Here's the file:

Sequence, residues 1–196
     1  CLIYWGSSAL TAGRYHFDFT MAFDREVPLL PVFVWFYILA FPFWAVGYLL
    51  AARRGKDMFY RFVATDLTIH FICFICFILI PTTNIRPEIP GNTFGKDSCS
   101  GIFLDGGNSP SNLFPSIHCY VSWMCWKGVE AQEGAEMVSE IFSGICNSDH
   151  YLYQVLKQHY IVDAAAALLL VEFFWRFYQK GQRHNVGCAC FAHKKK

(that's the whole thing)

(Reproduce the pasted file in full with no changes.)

Sequence, residues 1–196
     1  CLIYWGSSAL TAGRYHFDFT MAFDREVPLL PVFVWFYILA FPFWAVGYLL
    51  AARRGKDMFY RFVATDLTIH FICFICFILI PTTNIRPEIP GNTFGKDSCS
   101  GIFLDGGNSP SNLFPSIHCY VSWMCWKGVE AQEGAEMVSE IFSGICNSDH
   151  YLYQVLKQHY IVDAAAALLL VEFFWRFYQK GQRHNVGCAC FAHKKK